Although many household wet wipes are advertised as being flushable, the truth of the matter is that these wipes are a huge contributor to toilet and sewer system clogs. Some product packaging will recommend only one pre-moistened wipe be flushed at a time, while others don’t specify, so it’s assumed they’re okay to flush. And there’s more than one type of wet wipe on the market.
To start, there are disinfectant wipes made to clean areas of your home, like the kitchen and bathroom. After use, it’s recommended to throw these away in the trashcan. Wet hand wipes are typically portable for easy hand washing when on the go, and baby wipes are used to keep babies happy and their bottoms clean. Both of these wipes, after being used, are best disposed of by being thrown in the garbage. Then there are the ever-popular pre-moistened personal wipes for targeting body hot spots. Unfortunately, whether the packaging says “flushable” or “do not flush,” most people do flush all types of wet wipes down the toilet.
Here are some top reasons why flushing any kinds of wet wipes will clog plumbing in Toronto:
- Slow to break up: Toilet paper is designed to disintegrate after being flushed, as to keep drains clear of debris, but pre-moistened personal wipes are extremely slow to break up. They can take weeks or even months to completely disintegrate. As such, flushed wipes accumulate in the pipes and form clogs.
- Causes septic issues: While wet wipes are a problem for drains on a city sewer system, they are an even bigger issue for those with septic systems. It takes even longer for wipes to disintegrate, which can lead to septic tank backups inside the home. Bad clogs will end up costing you big for professional septic pumping and tank cleaning.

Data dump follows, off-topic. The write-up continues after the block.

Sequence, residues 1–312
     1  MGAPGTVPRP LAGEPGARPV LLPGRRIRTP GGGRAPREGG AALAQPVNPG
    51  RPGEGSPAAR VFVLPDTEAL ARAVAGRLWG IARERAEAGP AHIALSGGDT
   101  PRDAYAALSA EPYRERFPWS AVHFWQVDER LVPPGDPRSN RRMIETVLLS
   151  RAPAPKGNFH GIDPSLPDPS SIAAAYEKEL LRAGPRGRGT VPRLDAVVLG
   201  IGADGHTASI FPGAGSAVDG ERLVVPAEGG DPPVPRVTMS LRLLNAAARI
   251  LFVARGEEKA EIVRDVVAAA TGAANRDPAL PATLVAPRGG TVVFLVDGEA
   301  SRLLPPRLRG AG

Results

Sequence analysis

- Gets caught in roots: Over time, some plumbing systems, and particularly those in older homes, get invaded by tree roots. Roots end up in pipe walls, entangling wet wipes and other debris, which increases the chance of a clog.
- Clogs more than just your toilet: Clogs can form in your toilet drain or somewhere else in the plumbing system, but many wipes make their way to the main shared sewer or sewage treatment plant. Here, there’s much more room for enormous clogs to form.
In short, just because the word “flushable: is on your wet wipes package doesn’t mean it’s okay to flush them. The worst-case scenario for your home or building is that you end up with a serious clog in your piping, or you may be contributing to a whopper of a garbage clog in the main city sewer line. Consider not using any wet wipes at all—regardless of whether they claim to be flushable or biodegradable.
Depending on the size of the clog and where it is located in your pipes and drains, you may be able to remove it yourself. However, large, relentless clogs may require toilet repair or thorough drain cleaning. Luckily, Rooter Group Inc. has many years of experience diagnosing and fixing problems with residential and commercial plumbing in Toronto. Let us help you!